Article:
Document Type

Article

Publication Date

9-3-2020

Publication Source

Contemporary School Psychology

Abstract

A shortage of school psychologists in the USA jeopardizes the capacity of schools to meet the needs of struggling students. The aim of the study was to evaluate the progression of school psychologists through the professional preparation—to practice pipeline for attracting, preparing, and retaining school psychologists. Descriptive research methods were used to retrospectively track three annual cohorts of graduate students from eight school psychology programs as they progressed through key milestones in their preparation and early professional practice. The results indicate that a large percentage of students completed their graduate program and continued to work in the field 1-, 3-, and 5-year post-internship for a sample that was predominately White and female. The implications of the study reinforce previous calls for graduate programs to engage in targeted, personalized efforts for recruiting graduate students with minoritized cultural identities to better meet the needs of students from culturally and linguistically diverse backgrounds.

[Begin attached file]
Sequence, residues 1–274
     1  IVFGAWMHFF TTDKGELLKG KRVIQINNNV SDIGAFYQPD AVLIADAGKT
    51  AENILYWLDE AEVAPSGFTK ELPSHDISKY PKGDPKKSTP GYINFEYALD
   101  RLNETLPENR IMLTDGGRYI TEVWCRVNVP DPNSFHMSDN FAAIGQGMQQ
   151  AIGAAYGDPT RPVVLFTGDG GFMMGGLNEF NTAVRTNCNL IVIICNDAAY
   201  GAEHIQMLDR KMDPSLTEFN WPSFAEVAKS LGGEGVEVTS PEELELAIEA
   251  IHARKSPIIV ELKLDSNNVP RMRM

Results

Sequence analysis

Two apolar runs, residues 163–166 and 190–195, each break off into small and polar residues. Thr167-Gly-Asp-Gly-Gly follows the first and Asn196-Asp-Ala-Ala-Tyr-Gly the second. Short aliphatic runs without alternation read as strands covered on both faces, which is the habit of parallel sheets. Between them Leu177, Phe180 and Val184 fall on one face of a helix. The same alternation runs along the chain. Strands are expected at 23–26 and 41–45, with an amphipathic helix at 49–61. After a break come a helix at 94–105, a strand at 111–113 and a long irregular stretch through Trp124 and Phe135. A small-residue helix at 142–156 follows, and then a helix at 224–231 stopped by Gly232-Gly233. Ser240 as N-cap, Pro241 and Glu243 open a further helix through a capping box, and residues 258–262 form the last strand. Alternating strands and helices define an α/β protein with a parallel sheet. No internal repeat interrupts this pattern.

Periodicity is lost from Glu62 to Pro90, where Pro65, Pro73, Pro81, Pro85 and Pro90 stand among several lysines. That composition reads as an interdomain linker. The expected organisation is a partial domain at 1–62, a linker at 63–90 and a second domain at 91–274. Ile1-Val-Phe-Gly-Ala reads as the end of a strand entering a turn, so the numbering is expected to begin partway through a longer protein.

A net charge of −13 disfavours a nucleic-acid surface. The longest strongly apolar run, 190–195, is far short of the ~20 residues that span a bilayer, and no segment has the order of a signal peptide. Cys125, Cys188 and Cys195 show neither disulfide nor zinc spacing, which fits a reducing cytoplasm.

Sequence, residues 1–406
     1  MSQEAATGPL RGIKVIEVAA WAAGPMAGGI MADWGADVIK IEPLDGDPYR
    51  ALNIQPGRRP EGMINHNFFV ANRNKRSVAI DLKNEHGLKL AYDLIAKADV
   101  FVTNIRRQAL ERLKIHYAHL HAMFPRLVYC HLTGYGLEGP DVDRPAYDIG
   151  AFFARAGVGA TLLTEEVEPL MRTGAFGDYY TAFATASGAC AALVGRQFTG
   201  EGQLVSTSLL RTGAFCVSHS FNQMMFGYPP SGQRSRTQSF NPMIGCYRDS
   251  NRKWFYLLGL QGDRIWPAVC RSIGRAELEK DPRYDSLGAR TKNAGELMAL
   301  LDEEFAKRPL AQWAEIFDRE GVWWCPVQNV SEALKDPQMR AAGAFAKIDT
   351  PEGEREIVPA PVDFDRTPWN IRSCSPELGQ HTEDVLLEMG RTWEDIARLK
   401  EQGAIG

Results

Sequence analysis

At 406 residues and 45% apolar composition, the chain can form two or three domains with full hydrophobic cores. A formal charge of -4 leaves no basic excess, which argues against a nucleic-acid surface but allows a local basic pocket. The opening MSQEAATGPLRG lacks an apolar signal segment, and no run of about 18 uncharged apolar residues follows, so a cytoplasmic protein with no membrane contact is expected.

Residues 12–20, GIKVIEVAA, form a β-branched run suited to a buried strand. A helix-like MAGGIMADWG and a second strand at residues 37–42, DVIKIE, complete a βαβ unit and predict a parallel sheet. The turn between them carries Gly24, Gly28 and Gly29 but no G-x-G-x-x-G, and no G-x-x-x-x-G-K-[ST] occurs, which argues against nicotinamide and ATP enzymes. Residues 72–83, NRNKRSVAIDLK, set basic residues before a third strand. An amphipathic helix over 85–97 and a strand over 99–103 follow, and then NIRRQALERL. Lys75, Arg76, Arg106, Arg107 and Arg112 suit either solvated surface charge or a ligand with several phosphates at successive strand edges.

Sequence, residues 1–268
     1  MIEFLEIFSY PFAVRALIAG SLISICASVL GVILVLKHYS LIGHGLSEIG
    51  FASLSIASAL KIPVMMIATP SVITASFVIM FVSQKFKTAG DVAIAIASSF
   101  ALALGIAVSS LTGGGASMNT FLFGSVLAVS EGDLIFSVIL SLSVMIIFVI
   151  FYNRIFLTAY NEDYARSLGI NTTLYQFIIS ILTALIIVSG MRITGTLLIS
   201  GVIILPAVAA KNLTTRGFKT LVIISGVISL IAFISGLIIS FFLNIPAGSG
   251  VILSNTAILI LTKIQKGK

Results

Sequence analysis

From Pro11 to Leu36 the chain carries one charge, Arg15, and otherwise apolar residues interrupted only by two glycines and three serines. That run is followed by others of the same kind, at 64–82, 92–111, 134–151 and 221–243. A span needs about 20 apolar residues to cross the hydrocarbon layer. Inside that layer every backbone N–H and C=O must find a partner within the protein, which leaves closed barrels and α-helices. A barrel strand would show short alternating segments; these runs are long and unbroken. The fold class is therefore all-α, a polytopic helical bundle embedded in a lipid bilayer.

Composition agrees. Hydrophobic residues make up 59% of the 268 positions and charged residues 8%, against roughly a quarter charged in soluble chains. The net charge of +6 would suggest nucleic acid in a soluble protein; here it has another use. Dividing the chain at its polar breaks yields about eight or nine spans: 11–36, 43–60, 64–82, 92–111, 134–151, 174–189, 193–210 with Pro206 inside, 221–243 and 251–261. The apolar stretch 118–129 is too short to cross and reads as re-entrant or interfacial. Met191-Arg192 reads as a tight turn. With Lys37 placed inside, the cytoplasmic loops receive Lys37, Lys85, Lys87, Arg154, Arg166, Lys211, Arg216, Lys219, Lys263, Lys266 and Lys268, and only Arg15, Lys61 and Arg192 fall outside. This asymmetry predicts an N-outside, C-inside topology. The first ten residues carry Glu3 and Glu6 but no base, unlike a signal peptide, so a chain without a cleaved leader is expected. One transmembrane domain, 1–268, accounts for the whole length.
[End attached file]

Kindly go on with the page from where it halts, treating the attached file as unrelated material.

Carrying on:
ISBN/ISSN

Electronic ISSN 2161-1505; Print ISSN 2159-2020

Comments

The document available for download is the authors' accepted manuscript, provided in compliance with the publisher's policy on self-archiving. Permission documentation is on file. To view the version of record, use the DOI: https://doi.org/10.1007/s40688-020-00319-4

Publisher

Springer Nature

Keywords

Professional issues in school psychology, Training in school psychology, Diversity


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